As Matthew delved deeper into the project, he became aware that many of women used drugs to numb themselves, and a joint was as common as a cigarette. Of the 72 women that Matthew photographed there were only two who did not indulge in drugs. And, some of the women were Heroin addicts, including a few he never suspected. Eventually, Matthew did drugs with some of the women, Mollys and Meth, and a 2-hour session would often turn into an all-nighter. Noted Matthew, “When they walked into my motel room, I walked into their world. And, when I did drugs with them I leaped into their world.”
As the project developed momentum and fed itself, contacting and photographing the women became Mathew’s obsession, and his life began to mirror the rhythm of a sex-worker. Matthew felt a kinship with the women. He confessed that like him the majority of them were raised by dysfunctional families and damaged. He related to the women and even became friends with a few. Eventually, the intensity of the project wore him down, and after nearly two years Matthew realized that he had had enough and needed to wind it down. He admitted, somewhat tragically, that although he had the means to return to normality many of the women he photographed could not.
UNDER / AUSTIN
On a fishing trip with my high school friend Doug and his Uncle Nolan, I lost my virginity to a prostitute when I was 14 years old. I understood whom this woman was and that she was being paid to have sex with me. However, it really hit home when she said, “Don’t worry about the money. Nolan took care of it.” This experience shaped my view of intimacy, and though my first sexual encounter lacked love and closeness, it afforded me an allure toward women in the sex-industry. An attraction I did not have for women who were not. I began this series in an attempt to understand what that draw was about.
Most of the time, I found the women on Backpage or Eccie, “escort-client information exchange” websites, and paid them their hourly rate to create images.
We would meet in a hotel room, and after talking and them agreeing- I would slowly begin to photograph them doing whatever they wanted. If asked what to wear, I always replied with “something you feel confident in.” Some of these shoots lasted 45 minutes, while others would stretch on for 8-10 hours into the early morning. To produce a level of intimacy, I wanted minimum separation between the women and me. For most, there were drugs involved. The numbing becomes necessary and is a major occupational hazard that enslaves many for life.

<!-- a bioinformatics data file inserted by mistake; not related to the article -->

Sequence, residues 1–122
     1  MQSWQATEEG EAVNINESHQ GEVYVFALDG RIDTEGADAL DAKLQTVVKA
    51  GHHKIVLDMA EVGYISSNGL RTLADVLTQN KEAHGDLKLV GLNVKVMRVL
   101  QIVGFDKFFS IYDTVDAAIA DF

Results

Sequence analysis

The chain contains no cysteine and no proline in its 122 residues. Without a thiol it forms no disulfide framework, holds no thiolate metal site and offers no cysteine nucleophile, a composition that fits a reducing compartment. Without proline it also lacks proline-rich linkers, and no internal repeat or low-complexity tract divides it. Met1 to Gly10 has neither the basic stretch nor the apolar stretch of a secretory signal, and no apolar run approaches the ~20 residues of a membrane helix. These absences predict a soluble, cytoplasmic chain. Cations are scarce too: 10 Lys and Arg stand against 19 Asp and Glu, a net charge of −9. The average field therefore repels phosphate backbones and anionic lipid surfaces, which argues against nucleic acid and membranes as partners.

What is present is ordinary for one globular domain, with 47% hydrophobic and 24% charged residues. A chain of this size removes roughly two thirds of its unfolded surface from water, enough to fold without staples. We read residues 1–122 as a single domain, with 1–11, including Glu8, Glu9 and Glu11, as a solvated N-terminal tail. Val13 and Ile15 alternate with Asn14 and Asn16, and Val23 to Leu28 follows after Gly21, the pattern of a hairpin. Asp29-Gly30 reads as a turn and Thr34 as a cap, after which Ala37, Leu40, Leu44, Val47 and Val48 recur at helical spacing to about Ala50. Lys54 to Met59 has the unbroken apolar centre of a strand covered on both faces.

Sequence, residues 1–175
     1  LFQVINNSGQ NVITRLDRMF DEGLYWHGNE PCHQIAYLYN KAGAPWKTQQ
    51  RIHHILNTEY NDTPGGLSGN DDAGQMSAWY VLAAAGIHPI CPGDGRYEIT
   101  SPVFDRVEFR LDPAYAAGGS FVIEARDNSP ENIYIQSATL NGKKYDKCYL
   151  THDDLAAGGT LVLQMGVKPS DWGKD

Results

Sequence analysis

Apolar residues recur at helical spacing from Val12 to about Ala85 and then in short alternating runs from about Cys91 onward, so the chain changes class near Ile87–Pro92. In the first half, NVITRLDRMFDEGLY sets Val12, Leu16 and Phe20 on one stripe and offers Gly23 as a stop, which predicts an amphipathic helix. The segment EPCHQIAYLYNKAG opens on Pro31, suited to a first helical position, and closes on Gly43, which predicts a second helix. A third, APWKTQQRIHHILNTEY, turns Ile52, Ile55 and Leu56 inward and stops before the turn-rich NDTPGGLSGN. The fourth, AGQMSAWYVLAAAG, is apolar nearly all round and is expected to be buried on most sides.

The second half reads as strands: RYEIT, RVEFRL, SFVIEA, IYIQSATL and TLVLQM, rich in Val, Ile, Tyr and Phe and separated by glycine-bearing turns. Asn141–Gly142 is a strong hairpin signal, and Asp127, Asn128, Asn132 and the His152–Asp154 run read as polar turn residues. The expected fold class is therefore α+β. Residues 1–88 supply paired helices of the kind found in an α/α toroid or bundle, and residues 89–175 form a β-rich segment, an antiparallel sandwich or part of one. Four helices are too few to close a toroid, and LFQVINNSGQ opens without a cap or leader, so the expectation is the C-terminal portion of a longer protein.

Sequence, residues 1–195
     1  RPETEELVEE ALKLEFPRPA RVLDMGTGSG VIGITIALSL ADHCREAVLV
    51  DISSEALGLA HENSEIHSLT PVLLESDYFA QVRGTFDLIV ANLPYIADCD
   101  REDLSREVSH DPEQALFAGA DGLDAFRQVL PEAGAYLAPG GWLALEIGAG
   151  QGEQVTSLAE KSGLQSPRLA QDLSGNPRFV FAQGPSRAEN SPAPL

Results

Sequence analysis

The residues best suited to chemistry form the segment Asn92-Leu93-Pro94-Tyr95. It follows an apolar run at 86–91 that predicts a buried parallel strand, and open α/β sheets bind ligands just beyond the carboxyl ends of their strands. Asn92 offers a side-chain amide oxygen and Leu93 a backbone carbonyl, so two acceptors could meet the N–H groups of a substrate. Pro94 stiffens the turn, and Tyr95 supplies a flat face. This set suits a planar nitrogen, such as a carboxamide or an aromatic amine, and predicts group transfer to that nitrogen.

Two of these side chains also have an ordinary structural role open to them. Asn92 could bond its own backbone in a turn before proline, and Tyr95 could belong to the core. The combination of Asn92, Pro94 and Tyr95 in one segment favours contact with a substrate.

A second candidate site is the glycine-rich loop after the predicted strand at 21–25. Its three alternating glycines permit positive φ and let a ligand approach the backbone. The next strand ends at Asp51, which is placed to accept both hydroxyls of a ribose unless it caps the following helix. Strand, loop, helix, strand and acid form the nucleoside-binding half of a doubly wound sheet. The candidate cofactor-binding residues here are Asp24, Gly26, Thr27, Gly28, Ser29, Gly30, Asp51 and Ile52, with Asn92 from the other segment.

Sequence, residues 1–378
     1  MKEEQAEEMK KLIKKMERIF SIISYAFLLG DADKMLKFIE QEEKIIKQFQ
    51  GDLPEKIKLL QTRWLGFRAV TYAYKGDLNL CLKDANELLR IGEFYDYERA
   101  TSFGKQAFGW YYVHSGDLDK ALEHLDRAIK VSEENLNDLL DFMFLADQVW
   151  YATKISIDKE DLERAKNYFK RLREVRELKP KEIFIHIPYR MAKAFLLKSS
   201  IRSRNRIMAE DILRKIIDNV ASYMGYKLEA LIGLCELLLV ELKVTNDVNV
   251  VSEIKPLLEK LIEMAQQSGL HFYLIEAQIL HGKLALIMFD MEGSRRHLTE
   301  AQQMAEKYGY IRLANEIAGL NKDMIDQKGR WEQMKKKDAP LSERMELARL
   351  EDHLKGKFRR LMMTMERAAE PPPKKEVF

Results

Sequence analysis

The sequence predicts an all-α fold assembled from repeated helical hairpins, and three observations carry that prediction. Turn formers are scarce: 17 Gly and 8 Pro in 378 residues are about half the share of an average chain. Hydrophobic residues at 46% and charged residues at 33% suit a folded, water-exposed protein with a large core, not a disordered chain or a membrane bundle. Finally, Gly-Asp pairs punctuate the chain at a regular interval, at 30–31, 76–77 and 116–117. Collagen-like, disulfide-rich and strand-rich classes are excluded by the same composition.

I wanted to provide an opportunity for these women to be thought of and seen differently than they normally are. My goal was to give each image a placid feel and to display itself as its own little universe. Women find themselves in this occupation for one reason, the money. This is not about being a “slut,” “whore,” or “slag” — it’s about a primal urge for survival. The irony: the profession often leads in the opposite direction. It was those inward pensive moments that I often captured that I felt best depicted that mindset.
Is it the independence, power, danger, pain, or sadness that entices me? It’s a combination. At 14 years old, I should not have been in that room. After hearing stories about being gang raped at 15, or having one’s mom pimp her out to buy drugs while she went hungry, I have realized that it’s a kinship or empathy that lures me. I know they are going to understand me. After realizing this I became sensitive about how the women would be viewed because in some way these portraits are about me.— Matthew Mahon
Bio for Matthew Mahon:
Matthew studied under the tutelage of Martha Rosler at Rutgers University and graduated in 1991. Matthew continues to prove his father wrong with his rise in the photography food chain. He is a son, a brother, a friend, a rancher, a lover of pajamas, and strides towards living a more “glamorous” lifestyle, like P.Diddy or Morrissey.
Editorial clients include The Atlantic, Business Week, Discover, ESPN, Forbes, Money, New York Times Magazine, Newsweek, People, Texas Monthly, Time, Washington Post Sunday Magazine, Wired, XXL.
Clients for print advertising include: AMD, AT&T, Dell Computers, Kirtland Records, Marriott Hotels, SBC, Spheris, Southwest Airlines, T-Mobile, Unscrew America and Water IQ
Posts on Lenscratch may not be reproduced without the permission of the Lenscratch staff and the photographer.
Jeremy Dennis: Finalist in the 2019 Aftermath GrantJanuary 18th, 2019
Leif Sandberg: Beyond the MirrorJanuary 11th, 2019
TRACE: Kota Ezawa, Tabitha Soren, Penelope UmbricoJanuary 9th, 2019
Ross Sonnenberg: The Big Bang PicturesJanuary 8th, 2019
Paula Riff: Shibui and Blue is not the skyDecember 28th, 2018